While on the farm, however, the reporter interacted with some workers to have an insight into activities within the farm. This is more so since HO Corn had claimed that one of the major reasons it could not pay investors was because there were no buyers for its harvest. But when two workers were asked if there had been challenges selling corn harvest from the farm, they disclosed that nothing like that happened. Rather, the challenge has been meeting buyers’ demands. One of them pointed to two trucks waiting to pick produce, which were stationed some metres away. He explained that when harvest started, trucks were always coming to move to produce to town.

And probably to ensure that there was no gap in meeting customers’ demands, it was gathered that another planting season process has commenced on the farm. The source said planting should have started a day before the reporter came, but surely it would start the next day, as everything had been put in place to commence another round of planting.

On the farm were about four tractors, two of which looked new. Some metres away from the tractors’ garage was the farm warehouse. There, some workers were seen shedding dry corn.

Attempts to get Harrison to speak on phone afterwards were unsuccessful. His personal line was switched off, just like the official line.

HO Corn claimed on its website that it was covered by Anchor Insurance, but The Guardian investigation showed that the insurance policy it took had been terminated, as it failed to provide the insurance company with the whole truth about its business activities.

A spokesperson for Anchor Insurance said: “If you go to our website, you will see the explanation of agric insurance products, that it covers the crops. For instance, if there are fire incidents on the farm, flood, drought, pests and diseases that normally disturb or damage crops, those are the risks that we insure against, not against invested money. We are not an investment outfit. It is just like you insure your car against accident and fire. Anywhere in the insurance sector, the agric insurance policy covers those risks.”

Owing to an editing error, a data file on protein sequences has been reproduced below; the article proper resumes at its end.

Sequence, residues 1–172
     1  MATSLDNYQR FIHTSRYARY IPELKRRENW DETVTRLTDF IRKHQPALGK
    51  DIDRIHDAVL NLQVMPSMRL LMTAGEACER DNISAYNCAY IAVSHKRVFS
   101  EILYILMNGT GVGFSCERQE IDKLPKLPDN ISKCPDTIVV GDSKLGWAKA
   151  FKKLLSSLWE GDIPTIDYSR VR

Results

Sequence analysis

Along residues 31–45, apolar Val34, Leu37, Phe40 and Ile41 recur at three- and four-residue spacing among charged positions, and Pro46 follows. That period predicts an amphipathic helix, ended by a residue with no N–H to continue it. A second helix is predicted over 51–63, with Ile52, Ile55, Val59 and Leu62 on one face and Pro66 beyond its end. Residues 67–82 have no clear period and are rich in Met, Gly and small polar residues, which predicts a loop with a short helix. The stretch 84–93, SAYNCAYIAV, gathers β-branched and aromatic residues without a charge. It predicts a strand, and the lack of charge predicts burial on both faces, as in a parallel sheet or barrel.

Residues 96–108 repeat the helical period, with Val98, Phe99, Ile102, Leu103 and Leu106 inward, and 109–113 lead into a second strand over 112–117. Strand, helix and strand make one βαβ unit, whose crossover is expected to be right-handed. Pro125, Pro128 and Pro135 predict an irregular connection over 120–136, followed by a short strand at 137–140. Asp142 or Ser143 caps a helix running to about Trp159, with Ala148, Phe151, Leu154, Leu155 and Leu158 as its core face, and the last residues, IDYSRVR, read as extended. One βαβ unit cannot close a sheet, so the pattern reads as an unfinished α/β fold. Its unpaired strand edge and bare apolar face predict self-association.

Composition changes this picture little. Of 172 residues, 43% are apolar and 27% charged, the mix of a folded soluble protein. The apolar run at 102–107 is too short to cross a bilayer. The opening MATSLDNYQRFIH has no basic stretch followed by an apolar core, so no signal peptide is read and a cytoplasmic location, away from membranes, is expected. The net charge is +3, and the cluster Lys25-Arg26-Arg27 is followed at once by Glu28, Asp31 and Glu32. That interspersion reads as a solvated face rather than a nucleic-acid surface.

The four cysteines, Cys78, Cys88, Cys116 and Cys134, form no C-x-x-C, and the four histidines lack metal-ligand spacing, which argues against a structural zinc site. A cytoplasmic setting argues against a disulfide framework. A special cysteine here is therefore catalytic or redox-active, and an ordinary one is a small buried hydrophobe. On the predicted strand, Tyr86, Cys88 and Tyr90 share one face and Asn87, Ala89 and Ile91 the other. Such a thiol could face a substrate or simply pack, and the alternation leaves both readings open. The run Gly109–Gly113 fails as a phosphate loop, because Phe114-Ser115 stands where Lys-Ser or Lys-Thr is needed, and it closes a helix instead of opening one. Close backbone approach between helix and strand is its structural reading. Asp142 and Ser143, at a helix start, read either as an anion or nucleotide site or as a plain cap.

On whether HO Corn reached back concerning having challenges on its farm, he said: “No, it did not. There was no claim reported to us. We got to know that HO Corn customers were thinking their financial investment was covered by the policy, they were wrongly informed, especially as we were not privy to the agreement between the investors and HO Corn. But when they kept calling us, we invited HO Corn to find out why their customers should be calling Anchor Insurance, as it does not have any business with them. We reprimanded them and terminated the policy because there is what we call Uberrima fides in insurance, that is, Utmost good faith. When you are taking an insurance policy, you ought to declare the truth. And when it is discovered that you did not tell the whole truth, then the insurance company has the right to terminate the policy, which we did.”

On the size of farmland that was insured with Anchor, he said: “I do not know that”

The Alageere of Ofiki, Oba Bashir Iyiola Oyesiji, the traditional ruler who gave out the farmland to HO Corn on rent, disclosed that the only challenge the chief promoter of HO Corn discussed with him was around April or May when Harrison complained about insufficient rain. Consequently, the king said he consulted different religious groups, to appease the gods for rain, which eventually fell.

The royal father commended Harrison, saying he was organised and committed with the way he went about his farming, which was why it prospered.

However, claims by investors like Tajudeen that the whole HO Corn project might be a scam could be true. This is because on the management team of HO Corn, Mr. Edimaobong Matthew, who was designated as a Software Engineer/Data Security Expert on the company’s site, has started another crowdfunding farming business. He named it Farmtisa, which specialises in the piggery. HO Corn website described him thus: “Edimaobong Matthew is an experienced software engineer with a passion for developing innovative programmes that expedite the efficiency and effectiveness of organisational success. Well-versed in technology and writing code to create systems that are reliable and user-friendly. He is a certified Digital Marketing Expert and Data Security Expert.”

Edimaobong Matthew
Software Engineer/Data Security Expert HO Corn

Interestingly, when Farmtisa was contacted through WhatsApp and was asked about its pedigree, it claimed to have been into pig farming for the past 10 years and has recorded great successes. A search on the Corporate Affairs Commission’s website, however, showed that the company was registered in August 2020.